The game's actual battle system and mechanics are worthwhile. Combat uses the Active Time Battle system, in which a gauge fills up over time, and actions can be slotted and chained together depending on how much time is in the gauge. The player only has active control of one character at a time. The other two members of the party are controlled by AI; however, the player can guide what the non-active characters are doing by means of the Paradigm Shift system. In this system, the player can set certain roles for each character—focusing on defense or healing, for example—and can switch them on the fly respond to different battle conditions. Combat is fast-paced, frequently against many enemies at once, so adapting tactics to the situation is important. The system for leveling up abilities is customizable, too, letting you focus on improving abilities for specific combat roles.
While the battle system is well-suited and enjoyable, certain elements may make it too easy for veteran RPG players. The first option in the combat menu is auto-battle—press that button and the game makes choices on what attacks are best suited for the situation for you. You can choose your attacks yourself, but the siren call of auto-battle can be hard to resist. In addition, your characters are healed completely after each battle, eliminating the need to worry about healing items or making it to the next save point. Even if your party does fall in battle, you can simply use the retry option, which puts you back to just before the battle began, with no major losses. These changes remove a lot of the tension and excitement that make RPGs fun.
The more troubling—and surprising—problem is that the game world of Pulse and Cocoon lacks depth. While previous entries in the series have always had an overarching story, they've also been filled with places to explore, stocked with colorful inhabitants. The size and richness of the game worlds were a large part of the appeal of the earlier adventures. Square Enix largely abandons this familiar RPG element. There are no towns in Final Fantasy XIII, and there are very few non-player characters to talk to. A large portion of the game is simply a constant linear push, frequently literally along a straight line, from battle to battle and cutscene to cutscene, with no stops for freedom of exploration or to get a sense of the world. This linearity makes the game seem somehow lonely, somehow empty, a change that is sure to stick in the craw of old-school Final Fantasy fans.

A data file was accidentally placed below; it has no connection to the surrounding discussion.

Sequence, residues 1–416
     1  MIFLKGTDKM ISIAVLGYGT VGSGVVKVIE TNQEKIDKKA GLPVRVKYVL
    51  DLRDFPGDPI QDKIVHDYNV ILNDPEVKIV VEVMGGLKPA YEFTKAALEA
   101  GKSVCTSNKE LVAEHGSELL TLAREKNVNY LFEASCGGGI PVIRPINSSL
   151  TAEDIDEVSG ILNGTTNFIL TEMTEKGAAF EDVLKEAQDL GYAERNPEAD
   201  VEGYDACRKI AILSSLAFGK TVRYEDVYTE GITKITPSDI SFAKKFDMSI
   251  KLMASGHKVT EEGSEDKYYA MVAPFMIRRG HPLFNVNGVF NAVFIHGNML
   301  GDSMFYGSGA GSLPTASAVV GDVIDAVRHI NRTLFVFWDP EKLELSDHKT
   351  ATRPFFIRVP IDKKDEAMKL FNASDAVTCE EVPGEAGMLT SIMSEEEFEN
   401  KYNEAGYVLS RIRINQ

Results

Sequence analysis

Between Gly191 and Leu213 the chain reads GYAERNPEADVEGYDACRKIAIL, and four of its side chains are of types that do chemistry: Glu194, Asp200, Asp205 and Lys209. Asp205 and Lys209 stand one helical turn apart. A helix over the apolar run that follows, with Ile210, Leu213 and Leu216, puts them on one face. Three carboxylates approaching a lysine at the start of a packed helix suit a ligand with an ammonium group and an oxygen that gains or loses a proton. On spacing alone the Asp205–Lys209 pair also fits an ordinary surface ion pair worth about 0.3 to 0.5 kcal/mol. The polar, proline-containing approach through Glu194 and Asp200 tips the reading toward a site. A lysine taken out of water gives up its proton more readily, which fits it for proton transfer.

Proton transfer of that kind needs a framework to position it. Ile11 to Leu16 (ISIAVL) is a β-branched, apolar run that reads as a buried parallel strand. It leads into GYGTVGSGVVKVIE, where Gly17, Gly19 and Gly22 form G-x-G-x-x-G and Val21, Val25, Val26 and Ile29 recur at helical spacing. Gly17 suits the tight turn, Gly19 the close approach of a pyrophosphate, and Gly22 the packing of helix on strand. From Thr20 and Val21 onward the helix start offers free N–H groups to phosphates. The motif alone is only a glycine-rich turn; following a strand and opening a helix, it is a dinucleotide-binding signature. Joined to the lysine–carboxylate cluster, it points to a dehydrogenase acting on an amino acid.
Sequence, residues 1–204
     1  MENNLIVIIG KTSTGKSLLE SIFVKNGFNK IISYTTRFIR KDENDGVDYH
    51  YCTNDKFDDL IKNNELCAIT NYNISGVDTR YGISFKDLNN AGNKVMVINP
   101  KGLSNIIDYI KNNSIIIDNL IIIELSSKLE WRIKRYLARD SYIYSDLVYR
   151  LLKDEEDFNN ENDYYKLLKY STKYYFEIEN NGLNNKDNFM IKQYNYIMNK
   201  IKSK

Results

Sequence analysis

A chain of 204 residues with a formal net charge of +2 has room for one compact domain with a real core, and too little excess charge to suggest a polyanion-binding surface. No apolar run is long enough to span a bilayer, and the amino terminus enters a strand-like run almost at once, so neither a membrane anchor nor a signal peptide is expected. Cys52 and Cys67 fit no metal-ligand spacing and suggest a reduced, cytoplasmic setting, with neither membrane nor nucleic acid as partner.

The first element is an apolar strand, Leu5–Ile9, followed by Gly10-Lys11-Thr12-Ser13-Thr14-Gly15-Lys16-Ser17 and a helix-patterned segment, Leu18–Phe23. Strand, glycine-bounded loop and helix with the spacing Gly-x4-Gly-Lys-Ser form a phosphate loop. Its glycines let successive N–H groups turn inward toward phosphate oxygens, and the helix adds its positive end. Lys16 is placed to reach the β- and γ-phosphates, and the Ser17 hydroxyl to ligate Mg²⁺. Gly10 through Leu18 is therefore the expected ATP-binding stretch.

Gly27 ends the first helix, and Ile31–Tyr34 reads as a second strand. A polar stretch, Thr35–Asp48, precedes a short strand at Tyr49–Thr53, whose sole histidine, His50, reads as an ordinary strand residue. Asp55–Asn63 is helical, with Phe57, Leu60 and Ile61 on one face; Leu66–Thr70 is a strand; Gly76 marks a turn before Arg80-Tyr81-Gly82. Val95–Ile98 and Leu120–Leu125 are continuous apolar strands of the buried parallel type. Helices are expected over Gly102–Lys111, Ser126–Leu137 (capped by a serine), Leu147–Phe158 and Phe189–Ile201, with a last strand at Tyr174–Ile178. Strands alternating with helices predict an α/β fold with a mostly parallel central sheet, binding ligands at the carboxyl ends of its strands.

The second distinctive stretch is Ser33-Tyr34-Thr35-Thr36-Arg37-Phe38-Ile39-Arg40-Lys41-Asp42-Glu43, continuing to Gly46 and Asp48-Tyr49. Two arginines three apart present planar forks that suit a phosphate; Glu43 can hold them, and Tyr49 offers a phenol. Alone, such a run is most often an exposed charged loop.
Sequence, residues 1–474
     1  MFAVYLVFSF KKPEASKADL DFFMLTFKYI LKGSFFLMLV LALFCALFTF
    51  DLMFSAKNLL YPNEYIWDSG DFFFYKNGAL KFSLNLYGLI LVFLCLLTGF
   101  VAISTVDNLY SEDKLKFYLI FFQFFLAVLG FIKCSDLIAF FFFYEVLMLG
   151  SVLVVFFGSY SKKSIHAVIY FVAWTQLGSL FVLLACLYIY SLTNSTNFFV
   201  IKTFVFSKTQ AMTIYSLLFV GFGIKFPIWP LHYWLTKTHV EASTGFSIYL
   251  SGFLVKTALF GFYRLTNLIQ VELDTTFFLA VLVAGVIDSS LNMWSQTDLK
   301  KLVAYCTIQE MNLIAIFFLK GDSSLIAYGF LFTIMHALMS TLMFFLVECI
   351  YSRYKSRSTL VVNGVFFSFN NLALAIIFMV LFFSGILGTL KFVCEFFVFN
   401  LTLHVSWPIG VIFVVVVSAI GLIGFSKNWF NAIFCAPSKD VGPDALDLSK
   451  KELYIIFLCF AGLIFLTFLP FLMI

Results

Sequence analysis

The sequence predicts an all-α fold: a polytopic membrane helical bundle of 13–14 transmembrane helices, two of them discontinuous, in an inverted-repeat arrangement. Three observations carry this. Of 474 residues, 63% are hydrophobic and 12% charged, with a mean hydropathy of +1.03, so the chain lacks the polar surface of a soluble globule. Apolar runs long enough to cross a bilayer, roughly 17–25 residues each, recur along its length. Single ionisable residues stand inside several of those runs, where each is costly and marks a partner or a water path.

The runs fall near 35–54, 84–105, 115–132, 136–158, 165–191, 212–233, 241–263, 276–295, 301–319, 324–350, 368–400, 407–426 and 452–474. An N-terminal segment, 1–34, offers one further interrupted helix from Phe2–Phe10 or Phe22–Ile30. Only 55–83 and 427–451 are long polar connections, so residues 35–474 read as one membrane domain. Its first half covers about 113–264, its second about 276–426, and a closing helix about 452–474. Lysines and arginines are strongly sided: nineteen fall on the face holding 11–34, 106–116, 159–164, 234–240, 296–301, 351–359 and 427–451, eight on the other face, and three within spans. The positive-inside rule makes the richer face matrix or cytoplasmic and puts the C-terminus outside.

Final Fantasy XIII is, at its core, a technically excellent and solid RPG, and one that's not afraid to change up some of the traditional elements of the genre, even if those changes are a turn-off to more traditional fans. Those who expect more from the Final Fantasy series might find themselves left cold by the storyline and characters, but it's just as possible that Square Enix's calculated choices will make this someone's favorite Final Fantasy yet.